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Knob Creek flows again

For loyal Knob Creek fans, the drought — and the wait — are finally over. After running out this summer, the next batch of fully aged Knob Creek Bourbon has been released from the barrels where it has matured for nine years, now ready to bottle and soon ship to establishments and retailers across the US. Bill Newlands, president, Beam Global Spirits & Wine, U.S. and Fred Noe, the seventh-generation Beam family distiller, officially restarted production at the distillery, presiding over the opening of the first mature, four-char barrel dating to 2000. (In Bourbon speak, an occasion known as barrel dumping.)

The nation’s number one selling Super-Premium Bourbon ran short this summer, due to high consumer demand and an unwavering commitment to the full, nine-year aging process that gives Knob Creek its rich, distinct character. Rather than rush production, Knob Creek stayed true to the ideals and standards of its originator, the late Booker Noe — Fred Noe’s father, and grandson of Jim Beam – and let this batch, barreled in 2000, reach its full potential.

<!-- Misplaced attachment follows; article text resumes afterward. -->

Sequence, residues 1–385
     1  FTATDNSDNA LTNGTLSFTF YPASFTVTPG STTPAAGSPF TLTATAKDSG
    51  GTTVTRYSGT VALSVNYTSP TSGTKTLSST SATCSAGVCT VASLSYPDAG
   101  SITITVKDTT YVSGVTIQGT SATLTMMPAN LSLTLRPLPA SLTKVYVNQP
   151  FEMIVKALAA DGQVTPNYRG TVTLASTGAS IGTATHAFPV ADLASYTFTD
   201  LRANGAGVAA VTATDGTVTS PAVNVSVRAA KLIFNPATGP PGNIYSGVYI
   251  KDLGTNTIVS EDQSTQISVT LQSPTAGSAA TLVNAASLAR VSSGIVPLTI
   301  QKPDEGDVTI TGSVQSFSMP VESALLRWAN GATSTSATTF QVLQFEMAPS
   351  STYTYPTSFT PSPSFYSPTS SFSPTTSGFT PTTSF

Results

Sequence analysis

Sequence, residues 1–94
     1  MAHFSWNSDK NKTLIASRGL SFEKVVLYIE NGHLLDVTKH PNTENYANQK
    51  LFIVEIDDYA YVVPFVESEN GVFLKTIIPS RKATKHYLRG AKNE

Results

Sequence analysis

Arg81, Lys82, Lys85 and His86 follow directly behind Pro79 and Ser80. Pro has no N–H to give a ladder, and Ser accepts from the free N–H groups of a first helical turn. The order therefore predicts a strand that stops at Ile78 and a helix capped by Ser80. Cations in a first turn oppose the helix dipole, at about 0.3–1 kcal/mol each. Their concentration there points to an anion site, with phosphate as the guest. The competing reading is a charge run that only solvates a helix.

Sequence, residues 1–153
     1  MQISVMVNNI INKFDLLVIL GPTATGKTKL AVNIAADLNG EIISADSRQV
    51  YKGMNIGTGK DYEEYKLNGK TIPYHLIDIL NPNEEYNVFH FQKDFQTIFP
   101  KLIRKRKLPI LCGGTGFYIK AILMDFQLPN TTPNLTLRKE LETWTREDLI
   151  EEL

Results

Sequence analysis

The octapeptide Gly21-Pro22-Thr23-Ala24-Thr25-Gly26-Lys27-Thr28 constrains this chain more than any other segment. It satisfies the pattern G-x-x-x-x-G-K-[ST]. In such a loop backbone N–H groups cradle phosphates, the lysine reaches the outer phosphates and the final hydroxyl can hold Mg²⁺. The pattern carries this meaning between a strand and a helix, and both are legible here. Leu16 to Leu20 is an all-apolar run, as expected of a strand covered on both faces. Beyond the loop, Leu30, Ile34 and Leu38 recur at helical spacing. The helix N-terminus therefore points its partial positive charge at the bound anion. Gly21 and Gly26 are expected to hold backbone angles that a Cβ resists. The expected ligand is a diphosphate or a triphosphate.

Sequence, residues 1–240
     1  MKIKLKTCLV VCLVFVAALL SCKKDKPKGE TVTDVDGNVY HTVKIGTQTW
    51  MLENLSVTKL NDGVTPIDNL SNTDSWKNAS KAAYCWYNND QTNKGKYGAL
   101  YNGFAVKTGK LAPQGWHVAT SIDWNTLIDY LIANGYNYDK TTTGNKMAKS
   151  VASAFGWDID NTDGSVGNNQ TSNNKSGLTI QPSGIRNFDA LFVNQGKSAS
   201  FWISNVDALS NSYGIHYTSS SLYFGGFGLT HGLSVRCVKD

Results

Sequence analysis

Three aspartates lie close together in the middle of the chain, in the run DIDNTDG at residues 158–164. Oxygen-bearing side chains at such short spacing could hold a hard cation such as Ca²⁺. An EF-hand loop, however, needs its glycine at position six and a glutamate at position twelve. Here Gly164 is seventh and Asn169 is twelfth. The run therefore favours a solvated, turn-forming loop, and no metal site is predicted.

“We want to thank Knob Creek fans everywhere for their patience and understanding these past months, and promise it was worth their wait,” said Newlands. “Accelerating production and compromising quality, by a few weeks, even days, was never an option we considered. Knob Creek fans have been in touch, many thanking us for doing things the right way. It is very gratifying, and validating.”

“Dad would have been proud today, seeing his vision for Bourbon’s discovery by a new, sophisticated generation come to fruition,” said Noe. “That was his wish in creating a richer, longer aged Bourbon like Knob Creek, and with it, the entire Super-Premium Bourbon category that’s growing so rapidly. Increased demand wound up outpacing our own very solid 2000 forecasts, and created the shortage that’s on the road to ending today.”

(For part one of this story read this post.)